I am driving down a stretch of road near San Diego State, listening in astonishment to the radio report that the federal ban on gay marriage has been overturned. As I try to take in the magnitude of this shift, I’m reminded of driving down the same stretch of road seven years ago, during the Prop 8 push when several children and their parents stood alongside the road holding signs that read, “Marriage is between a man and a woman!” I feel myself letting out a long a sigh of breath that I didn’t even realize I was holding.
A few days later, I step off an airplane in a small town in the south and ask my girlfriend, “Is this the part where we go back into the closet?” She nods in silence. As I look around while we wait for luggage, I feel that old, ugly familiar feeling of the knowing someone might wish to harm us because we’re lesbians. “Toto, I don’t think we’re in Kansas anymore,” I mumble as we walk into a convenience store for snacks and wine. Neither one of us wants to say it but I know we’re both thinking that we’ve seen this movie before and it doesn’t end well for the lesbians.
As the week progresses and we move about the tiny town, going to the grocery store, restaurants, and the theater, I realize that thanks to living and dating in semi-sheltered in California, I forgot what this feels like – the visceral fight or flight, survival hackles up, fear of being harassed, fired, or hurt because of who we love. I also forgot the price of putting away part of who I am in public. I recall my early years in coming out and can still feel the weight of the secrecy about my relationships and the toll it took on my relationships with my girlfriends, on me, and on all my other relationships – with family, colleagues, and friends.
I can’t help but think about my sisters who live in little towns in the south and other parts of the US where it still isn’t safe to be an out lesbian. When it comes to dating, how can we ever get to evaluating compatibility if we can’t yet safely know who is and who isn’t in our dating pool? How do we celebrate progress while holding the reality and the endurance to continue the fight towards equality? Not just for LGBT people, but for People of Color, for women, for people who are non-native English speakers, for everyone?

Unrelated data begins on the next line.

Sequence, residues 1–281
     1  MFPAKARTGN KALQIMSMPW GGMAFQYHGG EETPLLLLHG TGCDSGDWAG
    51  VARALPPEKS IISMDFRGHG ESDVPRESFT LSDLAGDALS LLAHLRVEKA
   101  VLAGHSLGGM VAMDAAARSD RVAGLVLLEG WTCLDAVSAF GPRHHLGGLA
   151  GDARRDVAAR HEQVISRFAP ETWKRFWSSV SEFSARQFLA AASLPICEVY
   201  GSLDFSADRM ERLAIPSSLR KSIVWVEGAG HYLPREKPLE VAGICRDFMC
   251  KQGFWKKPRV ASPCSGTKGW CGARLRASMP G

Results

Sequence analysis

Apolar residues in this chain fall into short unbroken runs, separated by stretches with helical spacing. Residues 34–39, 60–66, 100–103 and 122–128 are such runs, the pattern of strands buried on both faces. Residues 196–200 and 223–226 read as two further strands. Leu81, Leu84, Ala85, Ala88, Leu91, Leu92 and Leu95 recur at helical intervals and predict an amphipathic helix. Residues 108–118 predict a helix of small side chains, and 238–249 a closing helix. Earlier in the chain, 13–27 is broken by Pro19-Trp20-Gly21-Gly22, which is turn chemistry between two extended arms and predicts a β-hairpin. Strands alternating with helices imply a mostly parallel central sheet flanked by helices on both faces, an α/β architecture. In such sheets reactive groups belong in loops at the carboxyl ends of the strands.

I don’t know the answers. But what I do know is that for me, critically examining my privilege and my own identity is the first move towards social justice. Acknowledging that as a White woman who lives in California I have some freedoms that my counterparts living in small towns in the south do not. I tell myself to remember this when I get all judgey-judge about how people “should” come out of the closet. Coming out feels like reinventing our identity – we go from being straight, or pretending to be straight to openly saying we’re gay and owning all the loss of freedoms and the beauty of being free of secrets at the same time. Like any major shift in life, this milestone becomes a marker in time: “before I came out” “after I came out”.
I am reminded of the many times in my life where I started over in some way: changing careers, moving across the country, recovering from a running injury. The challenge in reinventing our identity is really facing our own judgement. How can I be a teacher who doesn’t teach school? How can I be a Midwest girl who doesn’t live in the Midwest? How can I be a runner who can’t run? The idea of reinventing our identity is really the finding out more about who we already are as opposed to changing it.
And maybe this is the biggest win of all-that babies born today will never know a time when it was okay federally to dismiss LGBT people as second class citizens when it comes to marriage. The idea that people will have fewer obstacles to accepting and understanding more about who they already are makes it more likely that we’ll be able to question the social order and examine our own role in inequity, in all forms.